I hated this show at first, but these last few episodes have been awesome.

  4. Fundefined
    Posted December 15, 2011 at 12:49 am | Permalink

    Meh, maybe I’ve read too many mystery novels but UN-GO is thoroughly mediocre to me. Even the double episode you say to so amazing just comes off as run of the mill.

    Besides I don’t think the “fas­cin­at­ing post-war soci­ety” is going anywhere. Remember No. 6? UN-GO supposed world depth is like No. 6’s distopia: lots of posturing that will fail to reach anything satisfying. It probably won’t be as stupid as magic new-age psychic bees but still shallow.

    • Scamp
      Posted December 15, 2011 at 9:39 am | Permalink

      Maybe it’s because you’ve read too many mystery novels that you’re looking at Un-Go the wrong way? It’s not about the mysteries, it is about the setting. The mysteries are just framing devices.

      As for the setting itself, you’re judging it on what it could become, not what it has shown so far

      • Posted December 15, 2011 at 5:21 pm | Permalink

        I agree. Un-Go isn’t really a mystery series. It is using the mysteries to structure a story about something else. A good chunk of that is the society and the way information control is used.

        I have to say Un-Go is a bit uneven; it isn’t always a very interesting show. Sometimes it can be great, though. The recent two-parter about the “movie” was awesome.

  5. Posted December 15, 2011 at 2:01 am | Permalink

    I dropped Guilty Crown and stick with Un-Go for the reasons you have mentioned. At least my faith for noitaminA series hasn’t been totally diminished

  6. RandomLurker
    Posted December 15, 2011 at 2:11 am | Permalink

    I’m totally with you on this, Scamp. I found it really hard to get into the first 2 episodes, but I endured, since it was Noitamina and whatnot. Episode 4, on the other hand, was really cool. I loved the subtelty of how they presented the topics: without diverging too much from the mistery, they portrayed the Un-Go society and gave us interesting stuff to blog about.

    By the way, have you watched Eve no Jikan? It was a series of ONAs about that precise topic. It depicts a modern society, were androids are commonplace, and deals with their interactions with humans, their feelings (or lack of)… If you haven’t, you might want to check it out.

    • Scamp
      Posted December 15, 2011 at 9:40 am | Permalink

      Yeah I’ve seen Time of Eve. Heck, I saw it when only one episode was out, I was that ahead of the crowd :D Also Pale Cocoon is better mwahaha go my biased views go

  7. Posted December 15, 2011 at 2:42 am | Permalink

    First two episode left me like huh? So what happened? Someone died? And then three and four were great, but I did get tired of kid changes form uses powers YAY! Mystery solved…Still I find Un Go to be interesting.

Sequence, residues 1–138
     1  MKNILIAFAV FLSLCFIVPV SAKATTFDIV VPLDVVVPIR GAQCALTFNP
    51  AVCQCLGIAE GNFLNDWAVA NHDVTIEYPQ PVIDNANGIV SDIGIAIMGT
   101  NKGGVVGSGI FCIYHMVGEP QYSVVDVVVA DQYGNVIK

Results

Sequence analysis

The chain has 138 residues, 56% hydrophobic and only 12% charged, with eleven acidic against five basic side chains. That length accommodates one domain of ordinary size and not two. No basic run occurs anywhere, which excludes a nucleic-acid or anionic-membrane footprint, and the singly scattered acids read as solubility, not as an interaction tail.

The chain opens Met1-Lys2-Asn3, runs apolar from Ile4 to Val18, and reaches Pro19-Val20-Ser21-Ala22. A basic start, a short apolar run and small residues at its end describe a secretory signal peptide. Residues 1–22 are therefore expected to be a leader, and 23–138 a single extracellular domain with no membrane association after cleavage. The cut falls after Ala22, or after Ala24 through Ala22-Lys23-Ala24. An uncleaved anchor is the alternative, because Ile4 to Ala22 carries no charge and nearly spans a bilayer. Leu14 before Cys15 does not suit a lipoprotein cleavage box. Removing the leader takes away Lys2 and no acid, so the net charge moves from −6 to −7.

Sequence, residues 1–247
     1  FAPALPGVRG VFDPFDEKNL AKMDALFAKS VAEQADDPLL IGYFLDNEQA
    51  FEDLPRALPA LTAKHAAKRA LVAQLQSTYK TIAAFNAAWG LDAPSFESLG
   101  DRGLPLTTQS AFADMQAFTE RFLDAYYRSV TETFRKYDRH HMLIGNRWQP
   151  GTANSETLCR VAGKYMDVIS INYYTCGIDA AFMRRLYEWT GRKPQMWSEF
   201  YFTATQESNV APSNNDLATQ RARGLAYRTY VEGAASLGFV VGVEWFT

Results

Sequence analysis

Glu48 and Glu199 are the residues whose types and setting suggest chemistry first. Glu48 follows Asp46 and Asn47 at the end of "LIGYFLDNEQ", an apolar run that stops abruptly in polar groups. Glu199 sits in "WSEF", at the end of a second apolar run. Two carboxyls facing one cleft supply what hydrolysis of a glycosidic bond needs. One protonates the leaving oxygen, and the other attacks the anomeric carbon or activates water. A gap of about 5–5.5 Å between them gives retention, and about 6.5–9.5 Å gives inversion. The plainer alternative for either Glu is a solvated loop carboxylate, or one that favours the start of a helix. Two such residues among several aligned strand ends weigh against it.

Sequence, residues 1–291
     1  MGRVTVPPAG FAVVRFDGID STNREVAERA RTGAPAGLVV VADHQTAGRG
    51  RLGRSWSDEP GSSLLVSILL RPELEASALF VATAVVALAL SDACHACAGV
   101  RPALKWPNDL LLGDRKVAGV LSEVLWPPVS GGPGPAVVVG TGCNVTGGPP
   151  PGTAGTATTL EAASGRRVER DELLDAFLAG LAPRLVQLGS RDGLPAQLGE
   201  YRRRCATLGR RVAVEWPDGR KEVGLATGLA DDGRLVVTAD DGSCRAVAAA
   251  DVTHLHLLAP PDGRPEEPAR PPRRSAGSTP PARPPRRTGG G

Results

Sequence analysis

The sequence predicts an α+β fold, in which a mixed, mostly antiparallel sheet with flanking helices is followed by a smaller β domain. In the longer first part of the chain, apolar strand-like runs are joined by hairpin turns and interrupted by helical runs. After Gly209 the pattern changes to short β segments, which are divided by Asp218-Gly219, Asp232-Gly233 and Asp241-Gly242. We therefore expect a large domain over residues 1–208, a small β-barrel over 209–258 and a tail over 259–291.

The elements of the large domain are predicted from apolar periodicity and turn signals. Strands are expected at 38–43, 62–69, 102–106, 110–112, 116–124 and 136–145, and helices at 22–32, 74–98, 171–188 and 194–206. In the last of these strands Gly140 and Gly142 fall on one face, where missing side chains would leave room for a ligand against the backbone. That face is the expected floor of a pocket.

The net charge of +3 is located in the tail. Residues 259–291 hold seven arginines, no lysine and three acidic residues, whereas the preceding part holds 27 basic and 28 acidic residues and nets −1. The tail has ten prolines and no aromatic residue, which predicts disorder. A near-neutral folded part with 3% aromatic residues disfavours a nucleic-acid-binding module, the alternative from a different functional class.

• Scamp
      Posted December 15, 2011 at 9:43 am | Permalink

      I don’t get this response either. People saying the mysteries are solved via the single use of a power. He has limited control over it at best and has to find the right question to ask too. It would be like calling Lelouch an idiot because he has the Geass

      • Someone Else
        Posted December 15, 2011 at 10:49 am | Permalink

        I can put a long ass comment here but no. Too tiring, it’s your blog anyway, not mine. Inga power is just plain stupid, that is all. Geass is awesome for so many reasons and is completely different. Please don’t compare the two

      • Strabo
        Posted December 15, 2011 at 12:33 pm | Permalink

        Well, I’m convinced by your arguments.

      • Fundefined
        Posted December 15, 2011 at 4:31 pm | Permalink

        I think half of why people complain about Inga’s power’s is the length of the presentation. The anime takes always takes a good 30 seconds to go “Blagh, I have magical soul sucking powers, you can’t hide anything from me! Here look at this stupid “The Scream” ripoff and purple butterflies.” This happens almost every episode and it gets irritating. And honestly is it even necessary? I think the show would function fine if not better if Inga didn’t exist at all.

      • Scamp
        Posted December 15, 2011 at 10:56 pm | Permalink

        It’s meant to highlight how creepy she is. The more we learn about her, the more creepy that sequence appears, because we see it in a new light everytime. Repetition has a purpose

  8. Someone Else
    Posted December 15, 2011 at 2:49 am | Permalink

    Umm ok, since I put hate posts whenever you mention Un-go, I guess I’ll try to pick it up again and see what happens. I just watched gosick for the cute stereotype Victorica and Psychic detective Yakumo because I love ghosts. Now I’ll see if Un-go truly satisfy me with its mystery solving genre which the two I’ve mentioned failed to deliver

  9. Guest
    Posted December 15, 2011 at 3:42 am | Permalink

    It’s a good show but a bad detective show.

    Episodes six, seven, and eight are solid too.

    • Scamp
      Posted December 15, 2011 at 9:44 am | Permalink

      Actually I thought this episode had both, but by and large yes. It’s crap detective anime, but great otherwise

      • Guest